Gayanes Adagio from Gayane
Gayane’s Adagio From Gayane
Born June 6, 1903 in Tbilisi, Georgia
Died May 1, 1978 in Moscow, Russia
By Marianne Williams Tobias
The Marianne Williams Tobias Program Note Annotator Chair
Aram Kachaturian was the most renowned Armenian composer of the twentieth century, and the first composer of Armenian ballet music. Gayane, his second ballet, was re-worked from his first ballet titled Happiness, written by Khachaturian in 1941-1942, with revisions (mainly to the plot) in 1952 and 1957. It premiered on December 3, 1942 in Perm, Russia, with the Kirov Ballet and Stalin in attendance. One year later, Khachaturian joined the Communist party, but this did not save him from government punishment, asserting that his music was anti-people and formalist and in 1948, he was put on the Black List.
The title refers to the heroine Gayane, who unfortunately is married to Giko, a hopeless drunk, arsonist, and smuggler of public money. Gayane conspires with a Soviet guard to foil her husband’s schemes, is later stabbed by Giko, but survives, and in the end remarries. Although the ballet was only moderately successful, three suites featuring ethnic dances from the second and last act have been alluring and popular, especially the Sabre Dance. Ultimately, Gayane’s Adagio (in the first suite) became well known and popularized through Stanley Kubrick’s sci-fi masterpiece, 2001: A Space Odyssey, produced in 1968.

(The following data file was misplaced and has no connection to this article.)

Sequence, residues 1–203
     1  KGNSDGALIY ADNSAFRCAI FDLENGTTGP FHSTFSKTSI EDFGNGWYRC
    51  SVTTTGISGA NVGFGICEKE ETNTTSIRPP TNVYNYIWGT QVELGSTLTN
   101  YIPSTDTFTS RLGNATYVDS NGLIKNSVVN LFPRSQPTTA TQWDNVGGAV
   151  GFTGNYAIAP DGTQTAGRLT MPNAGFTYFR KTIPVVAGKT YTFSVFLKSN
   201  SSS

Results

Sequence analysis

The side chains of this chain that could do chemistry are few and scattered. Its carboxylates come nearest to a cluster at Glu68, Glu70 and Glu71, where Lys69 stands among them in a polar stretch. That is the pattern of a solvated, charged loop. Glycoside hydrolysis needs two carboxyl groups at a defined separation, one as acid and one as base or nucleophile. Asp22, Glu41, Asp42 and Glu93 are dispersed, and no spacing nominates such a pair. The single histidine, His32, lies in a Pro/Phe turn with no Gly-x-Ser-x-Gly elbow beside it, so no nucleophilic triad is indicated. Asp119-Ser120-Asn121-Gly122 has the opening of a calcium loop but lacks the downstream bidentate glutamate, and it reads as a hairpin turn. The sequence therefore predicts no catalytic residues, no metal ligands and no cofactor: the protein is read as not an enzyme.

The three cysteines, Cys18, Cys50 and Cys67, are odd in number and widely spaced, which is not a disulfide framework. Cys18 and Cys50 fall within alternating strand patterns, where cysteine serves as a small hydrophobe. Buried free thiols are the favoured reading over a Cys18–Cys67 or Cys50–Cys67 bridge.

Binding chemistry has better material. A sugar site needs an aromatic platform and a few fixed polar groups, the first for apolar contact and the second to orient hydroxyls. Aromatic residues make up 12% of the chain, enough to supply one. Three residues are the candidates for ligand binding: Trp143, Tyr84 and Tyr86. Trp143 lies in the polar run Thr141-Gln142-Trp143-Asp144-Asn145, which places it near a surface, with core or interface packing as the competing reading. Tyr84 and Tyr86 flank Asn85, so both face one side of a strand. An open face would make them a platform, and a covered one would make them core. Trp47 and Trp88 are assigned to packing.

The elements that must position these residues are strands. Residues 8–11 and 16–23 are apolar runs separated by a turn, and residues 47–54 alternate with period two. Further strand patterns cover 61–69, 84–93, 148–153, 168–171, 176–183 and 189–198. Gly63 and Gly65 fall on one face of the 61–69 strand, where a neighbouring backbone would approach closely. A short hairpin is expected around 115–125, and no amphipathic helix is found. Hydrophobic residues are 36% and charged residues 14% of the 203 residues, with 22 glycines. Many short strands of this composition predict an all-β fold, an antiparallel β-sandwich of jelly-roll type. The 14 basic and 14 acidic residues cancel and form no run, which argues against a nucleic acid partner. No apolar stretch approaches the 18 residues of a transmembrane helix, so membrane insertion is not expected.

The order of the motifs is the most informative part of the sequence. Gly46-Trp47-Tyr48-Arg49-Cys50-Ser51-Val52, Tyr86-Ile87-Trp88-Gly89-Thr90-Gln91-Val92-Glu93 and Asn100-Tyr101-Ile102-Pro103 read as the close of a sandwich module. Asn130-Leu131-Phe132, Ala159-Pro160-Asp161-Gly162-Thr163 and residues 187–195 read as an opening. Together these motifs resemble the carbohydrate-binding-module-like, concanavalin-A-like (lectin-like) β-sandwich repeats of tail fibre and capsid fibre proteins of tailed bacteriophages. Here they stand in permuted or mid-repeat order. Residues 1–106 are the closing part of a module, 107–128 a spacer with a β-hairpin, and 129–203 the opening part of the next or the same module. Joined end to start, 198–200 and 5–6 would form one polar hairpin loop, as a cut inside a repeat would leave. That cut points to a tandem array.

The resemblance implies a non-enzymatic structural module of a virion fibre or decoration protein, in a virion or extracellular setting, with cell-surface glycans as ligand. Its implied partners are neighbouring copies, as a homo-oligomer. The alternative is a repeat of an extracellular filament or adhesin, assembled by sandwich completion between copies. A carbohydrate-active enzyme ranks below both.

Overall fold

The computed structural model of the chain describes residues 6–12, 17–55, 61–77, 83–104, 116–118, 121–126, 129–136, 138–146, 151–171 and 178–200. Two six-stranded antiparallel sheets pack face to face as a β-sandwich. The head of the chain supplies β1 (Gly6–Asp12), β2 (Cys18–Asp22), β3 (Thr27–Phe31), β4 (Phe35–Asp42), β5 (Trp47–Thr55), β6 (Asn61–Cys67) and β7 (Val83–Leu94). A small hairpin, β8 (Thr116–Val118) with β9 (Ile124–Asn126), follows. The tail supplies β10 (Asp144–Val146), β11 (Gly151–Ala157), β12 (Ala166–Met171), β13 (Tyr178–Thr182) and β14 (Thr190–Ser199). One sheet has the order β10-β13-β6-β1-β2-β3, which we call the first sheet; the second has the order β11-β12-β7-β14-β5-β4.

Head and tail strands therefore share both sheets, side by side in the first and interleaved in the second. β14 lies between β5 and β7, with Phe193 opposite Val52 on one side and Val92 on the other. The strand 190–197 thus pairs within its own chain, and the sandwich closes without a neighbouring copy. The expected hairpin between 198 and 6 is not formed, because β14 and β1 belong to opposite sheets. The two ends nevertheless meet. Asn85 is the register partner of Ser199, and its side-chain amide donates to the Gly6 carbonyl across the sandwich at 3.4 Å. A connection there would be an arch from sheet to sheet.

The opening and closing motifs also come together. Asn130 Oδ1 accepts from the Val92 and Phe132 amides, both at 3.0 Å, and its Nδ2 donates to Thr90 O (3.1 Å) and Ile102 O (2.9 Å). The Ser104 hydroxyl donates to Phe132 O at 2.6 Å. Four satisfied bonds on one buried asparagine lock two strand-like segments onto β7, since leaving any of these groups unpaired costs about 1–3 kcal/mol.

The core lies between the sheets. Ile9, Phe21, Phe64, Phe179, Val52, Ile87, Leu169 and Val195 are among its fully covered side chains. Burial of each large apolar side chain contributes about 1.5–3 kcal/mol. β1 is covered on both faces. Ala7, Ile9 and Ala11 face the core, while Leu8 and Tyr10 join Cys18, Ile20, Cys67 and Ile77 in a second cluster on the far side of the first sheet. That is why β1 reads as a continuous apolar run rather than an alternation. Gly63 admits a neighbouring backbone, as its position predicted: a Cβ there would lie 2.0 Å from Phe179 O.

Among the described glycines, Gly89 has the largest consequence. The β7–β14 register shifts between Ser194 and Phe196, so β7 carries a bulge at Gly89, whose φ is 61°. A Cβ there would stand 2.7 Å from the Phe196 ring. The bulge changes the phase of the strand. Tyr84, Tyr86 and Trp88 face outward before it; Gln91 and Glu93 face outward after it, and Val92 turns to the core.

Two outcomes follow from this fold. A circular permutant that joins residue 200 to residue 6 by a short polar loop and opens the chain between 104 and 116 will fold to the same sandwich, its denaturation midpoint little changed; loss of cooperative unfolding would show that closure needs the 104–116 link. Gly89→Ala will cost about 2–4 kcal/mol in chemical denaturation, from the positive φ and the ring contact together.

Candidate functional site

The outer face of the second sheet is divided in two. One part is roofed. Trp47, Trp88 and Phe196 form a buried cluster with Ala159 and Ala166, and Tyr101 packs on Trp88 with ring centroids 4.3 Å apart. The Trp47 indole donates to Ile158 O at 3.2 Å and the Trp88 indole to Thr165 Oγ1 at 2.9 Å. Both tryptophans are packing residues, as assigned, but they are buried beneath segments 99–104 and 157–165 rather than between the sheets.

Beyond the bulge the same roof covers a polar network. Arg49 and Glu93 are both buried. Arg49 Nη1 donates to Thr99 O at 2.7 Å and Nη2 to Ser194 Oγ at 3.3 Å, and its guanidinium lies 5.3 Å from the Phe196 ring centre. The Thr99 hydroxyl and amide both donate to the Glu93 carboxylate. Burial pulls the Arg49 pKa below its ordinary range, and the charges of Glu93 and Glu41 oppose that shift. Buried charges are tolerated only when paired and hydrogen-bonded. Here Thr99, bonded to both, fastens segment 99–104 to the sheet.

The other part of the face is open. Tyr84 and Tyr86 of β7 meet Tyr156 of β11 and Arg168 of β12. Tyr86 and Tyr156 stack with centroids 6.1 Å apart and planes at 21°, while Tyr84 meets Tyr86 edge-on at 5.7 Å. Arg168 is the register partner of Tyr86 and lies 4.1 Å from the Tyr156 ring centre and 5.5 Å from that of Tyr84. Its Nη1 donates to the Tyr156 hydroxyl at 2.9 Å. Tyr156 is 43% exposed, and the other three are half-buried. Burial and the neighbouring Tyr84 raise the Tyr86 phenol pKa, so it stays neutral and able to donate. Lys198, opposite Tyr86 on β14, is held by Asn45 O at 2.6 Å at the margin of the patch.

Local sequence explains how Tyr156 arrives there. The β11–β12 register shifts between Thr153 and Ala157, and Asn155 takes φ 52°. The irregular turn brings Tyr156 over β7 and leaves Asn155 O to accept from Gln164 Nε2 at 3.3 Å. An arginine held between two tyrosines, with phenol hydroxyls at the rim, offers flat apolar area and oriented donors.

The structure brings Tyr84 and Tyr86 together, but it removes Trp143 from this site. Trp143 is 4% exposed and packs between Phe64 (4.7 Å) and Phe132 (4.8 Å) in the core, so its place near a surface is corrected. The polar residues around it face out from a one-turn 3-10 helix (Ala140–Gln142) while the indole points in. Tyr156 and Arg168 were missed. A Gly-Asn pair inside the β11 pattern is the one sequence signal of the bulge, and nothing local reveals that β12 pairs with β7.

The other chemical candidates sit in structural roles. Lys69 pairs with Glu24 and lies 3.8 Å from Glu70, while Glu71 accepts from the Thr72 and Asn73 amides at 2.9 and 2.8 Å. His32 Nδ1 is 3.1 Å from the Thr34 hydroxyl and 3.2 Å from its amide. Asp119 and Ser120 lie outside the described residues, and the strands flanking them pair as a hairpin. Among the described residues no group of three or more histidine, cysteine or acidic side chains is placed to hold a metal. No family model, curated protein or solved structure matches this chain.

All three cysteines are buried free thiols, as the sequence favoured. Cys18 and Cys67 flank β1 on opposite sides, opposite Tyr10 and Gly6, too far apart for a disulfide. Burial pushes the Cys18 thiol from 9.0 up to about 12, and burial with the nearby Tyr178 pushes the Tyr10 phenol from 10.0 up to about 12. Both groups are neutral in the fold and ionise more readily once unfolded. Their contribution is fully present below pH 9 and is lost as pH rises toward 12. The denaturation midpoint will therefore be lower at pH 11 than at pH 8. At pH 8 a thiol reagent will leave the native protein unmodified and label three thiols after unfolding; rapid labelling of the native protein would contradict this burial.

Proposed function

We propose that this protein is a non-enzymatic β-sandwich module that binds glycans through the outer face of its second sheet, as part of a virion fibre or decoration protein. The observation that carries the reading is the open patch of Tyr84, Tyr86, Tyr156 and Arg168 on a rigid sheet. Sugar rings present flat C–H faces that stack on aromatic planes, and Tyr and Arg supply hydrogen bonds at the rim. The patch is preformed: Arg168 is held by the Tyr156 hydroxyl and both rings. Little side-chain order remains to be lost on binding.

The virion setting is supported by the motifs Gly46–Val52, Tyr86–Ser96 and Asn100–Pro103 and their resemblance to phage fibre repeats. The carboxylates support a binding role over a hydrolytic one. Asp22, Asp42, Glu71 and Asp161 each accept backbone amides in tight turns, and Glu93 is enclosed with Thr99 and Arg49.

The music set for strings only, opens in lower registers, singing an exquisite melody, which moves slowly and smoothly. In the ballet, the Adagio is intended to give comfort to Gayane, who is anguished by the fact that her husband is not only horrible, but also treasonous. She has, at this point, learned that Giko has plans to set fire to the cotton warehouse (owned by the state) with his friends and to run away. The music has a powerful effect and potent sadness within its quiet dynamics, restraint, and fluidity.
The last performance of Gayne’s Adagio from Gayane was December, 1964 conducted by Arthur Fiedler.
© Marianne Williams Tobias, Indianapolis Symphony Orchestra, 2016
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